Black dogs in the courtroom

“Those miserable lawyers!” you say.  Chances are, they are.

It’s well established that legal practitioners suffer from symptoms of depression and anxiety more than any other professionals.  US President Abraham Lincoln, himself a lawyer, was chronically depressed, and numerous lawyers following him have suffered from the “black dog” at various stages of their working lives.

So what is it about a lawyer that gives rise to this tendency to experience signs of depression, anxiety or both?  Some theorise that lawyers are trained to be pessimists, and dwell in the thoughts of what could go wrong.  They do this in order to put safeguards in place for their clients should such negative events occur, but persistently thinking of the worst case scenario may have detrimental impacts on mental health.  Others theorise (and many former lawyers of large law firms claim) that it is the long hours, the thankless work and the constant pressure of meeting financial targets that causes stress, anxiety and depression.  Social isolation, a difficult career ladder and overbearing bosses do not help the situation.

But it is not all bad news.  Mental health issues are more widely discussed today than ever before, and lawyers (and everyone, in fact) are actively encouraged to seek help.  Being aware of the prevalence of mental health issues in the industry also allows lawyers to be resilient against some of the drudgery that could lead to these issues.  For example, while lawyers still need to think of the possible negative outcomes of a matter, they can also look for ways to help their clients achieve positive outcomes.  Lawyers who engage in pro bono work (that is, free legal work undertaken for the public good) can experience greater degrees of career satisfaction, and as US Supreme Court Justice Ruth Bader Ginsburg remarked, “a lawyer will gain large satisfaction when he or she is not simply a fee-charging artisan, but a contributor to the public good.”  Public education campaigns and organisations such as Beyond Blue and the Black Dog Institute have made enormous inroads to removing some of the stigmas associated with depression and anxiety.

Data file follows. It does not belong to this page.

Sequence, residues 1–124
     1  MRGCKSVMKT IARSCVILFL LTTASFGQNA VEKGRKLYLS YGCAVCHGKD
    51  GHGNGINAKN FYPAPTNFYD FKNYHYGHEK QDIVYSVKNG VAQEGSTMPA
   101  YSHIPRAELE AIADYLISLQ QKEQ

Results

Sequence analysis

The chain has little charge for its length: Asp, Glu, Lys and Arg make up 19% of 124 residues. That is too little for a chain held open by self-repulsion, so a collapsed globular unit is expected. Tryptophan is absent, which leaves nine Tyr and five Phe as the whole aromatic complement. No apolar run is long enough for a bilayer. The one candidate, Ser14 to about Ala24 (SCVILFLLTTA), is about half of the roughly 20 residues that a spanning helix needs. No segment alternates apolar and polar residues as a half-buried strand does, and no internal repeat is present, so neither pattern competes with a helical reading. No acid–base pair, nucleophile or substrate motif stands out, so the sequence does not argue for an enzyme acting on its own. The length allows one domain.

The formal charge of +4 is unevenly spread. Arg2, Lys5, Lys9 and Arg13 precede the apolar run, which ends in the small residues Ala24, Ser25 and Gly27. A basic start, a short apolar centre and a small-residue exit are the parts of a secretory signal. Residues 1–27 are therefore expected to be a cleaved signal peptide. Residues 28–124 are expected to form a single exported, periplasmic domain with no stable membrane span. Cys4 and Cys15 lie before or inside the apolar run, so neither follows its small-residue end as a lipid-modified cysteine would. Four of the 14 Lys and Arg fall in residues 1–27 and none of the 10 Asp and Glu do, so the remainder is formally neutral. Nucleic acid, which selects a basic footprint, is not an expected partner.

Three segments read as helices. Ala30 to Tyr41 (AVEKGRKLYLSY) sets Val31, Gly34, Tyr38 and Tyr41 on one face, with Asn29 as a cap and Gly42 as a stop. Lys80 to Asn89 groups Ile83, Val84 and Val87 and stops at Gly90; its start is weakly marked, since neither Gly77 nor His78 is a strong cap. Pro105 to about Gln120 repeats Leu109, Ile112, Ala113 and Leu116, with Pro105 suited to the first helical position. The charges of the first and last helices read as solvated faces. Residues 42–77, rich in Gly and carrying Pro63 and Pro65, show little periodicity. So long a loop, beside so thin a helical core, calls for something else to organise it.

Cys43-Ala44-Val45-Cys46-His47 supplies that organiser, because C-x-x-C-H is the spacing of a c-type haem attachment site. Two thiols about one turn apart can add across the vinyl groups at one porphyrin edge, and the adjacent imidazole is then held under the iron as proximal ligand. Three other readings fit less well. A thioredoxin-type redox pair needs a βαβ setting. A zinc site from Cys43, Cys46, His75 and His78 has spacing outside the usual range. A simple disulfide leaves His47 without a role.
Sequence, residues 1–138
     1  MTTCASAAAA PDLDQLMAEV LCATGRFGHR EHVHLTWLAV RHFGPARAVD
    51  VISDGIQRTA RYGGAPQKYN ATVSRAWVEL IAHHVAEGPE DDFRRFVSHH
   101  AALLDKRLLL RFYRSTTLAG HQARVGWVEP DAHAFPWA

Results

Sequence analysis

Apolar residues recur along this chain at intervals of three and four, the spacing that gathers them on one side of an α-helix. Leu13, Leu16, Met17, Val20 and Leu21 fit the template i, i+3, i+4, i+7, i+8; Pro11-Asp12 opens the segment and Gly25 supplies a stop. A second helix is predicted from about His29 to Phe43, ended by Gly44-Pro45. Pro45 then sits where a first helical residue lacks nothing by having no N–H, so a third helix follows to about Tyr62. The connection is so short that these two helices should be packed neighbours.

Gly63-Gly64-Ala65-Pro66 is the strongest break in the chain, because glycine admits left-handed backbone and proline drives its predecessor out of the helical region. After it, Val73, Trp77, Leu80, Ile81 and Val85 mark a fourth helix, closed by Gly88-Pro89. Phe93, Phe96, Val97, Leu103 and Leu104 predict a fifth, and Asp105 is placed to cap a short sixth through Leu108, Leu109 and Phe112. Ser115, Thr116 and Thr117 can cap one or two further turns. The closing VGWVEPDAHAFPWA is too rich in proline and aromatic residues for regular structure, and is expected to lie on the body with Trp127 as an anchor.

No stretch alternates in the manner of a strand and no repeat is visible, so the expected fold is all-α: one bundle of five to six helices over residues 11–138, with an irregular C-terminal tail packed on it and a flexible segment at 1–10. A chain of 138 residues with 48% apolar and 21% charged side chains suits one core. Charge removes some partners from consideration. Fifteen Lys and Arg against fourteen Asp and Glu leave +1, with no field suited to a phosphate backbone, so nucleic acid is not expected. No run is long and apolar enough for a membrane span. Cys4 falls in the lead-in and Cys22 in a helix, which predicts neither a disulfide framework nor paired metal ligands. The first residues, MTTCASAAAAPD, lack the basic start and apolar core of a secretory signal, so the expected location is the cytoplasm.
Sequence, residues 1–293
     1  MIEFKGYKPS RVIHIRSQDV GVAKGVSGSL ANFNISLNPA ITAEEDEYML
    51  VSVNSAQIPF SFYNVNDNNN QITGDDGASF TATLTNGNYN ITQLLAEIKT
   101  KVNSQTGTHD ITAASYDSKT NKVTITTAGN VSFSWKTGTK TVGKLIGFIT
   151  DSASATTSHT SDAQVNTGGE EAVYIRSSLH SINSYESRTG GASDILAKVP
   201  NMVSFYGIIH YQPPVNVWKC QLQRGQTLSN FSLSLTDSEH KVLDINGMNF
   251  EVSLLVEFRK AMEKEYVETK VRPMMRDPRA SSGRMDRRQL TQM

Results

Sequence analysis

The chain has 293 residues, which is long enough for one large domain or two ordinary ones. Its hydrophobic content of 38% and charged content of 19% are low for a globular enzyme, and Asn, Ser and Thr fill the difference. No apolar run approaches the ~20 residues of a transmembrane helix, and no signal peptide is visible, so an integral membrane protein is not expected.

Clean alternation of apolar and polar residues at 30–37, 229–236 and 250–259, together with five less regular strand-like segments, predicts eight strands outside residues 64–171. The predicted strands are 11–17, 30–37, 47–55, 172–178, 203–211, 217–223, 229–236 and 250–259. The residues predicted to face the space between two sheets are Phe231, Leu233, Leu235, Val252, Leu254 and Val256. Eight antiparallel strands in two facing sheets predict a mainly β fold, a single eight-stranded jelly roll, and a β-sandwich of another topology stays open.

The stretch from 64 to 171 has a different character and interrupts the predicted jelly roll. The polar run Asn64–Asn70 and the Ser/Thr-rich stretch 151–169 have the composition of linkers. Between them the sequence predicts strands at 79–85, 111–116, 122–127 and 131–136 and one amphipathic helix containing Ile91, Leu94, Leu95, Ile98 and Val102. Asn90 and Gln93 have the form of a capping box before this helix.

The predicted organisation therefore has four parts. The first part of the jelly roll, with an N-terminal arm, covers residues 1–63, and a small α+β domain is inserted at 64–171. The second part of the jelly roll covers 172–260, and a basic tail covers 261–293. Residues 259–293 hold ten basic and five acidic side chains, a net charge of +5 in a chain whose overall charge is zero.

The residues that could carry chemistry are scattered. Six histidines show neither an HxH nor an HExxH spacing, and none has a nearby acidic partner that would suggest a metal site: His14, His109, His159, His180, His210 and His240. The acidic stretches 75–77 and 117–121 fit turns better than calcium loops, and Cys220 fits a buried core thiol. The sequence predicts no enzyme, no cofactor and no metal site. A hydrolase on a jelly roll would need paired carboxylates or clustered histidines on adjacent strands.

There is still a long road ahead to bring mental health issues into the spotlight, but lawyers today have more support that President Lincoln could ever dream of – they just need to ask for it.

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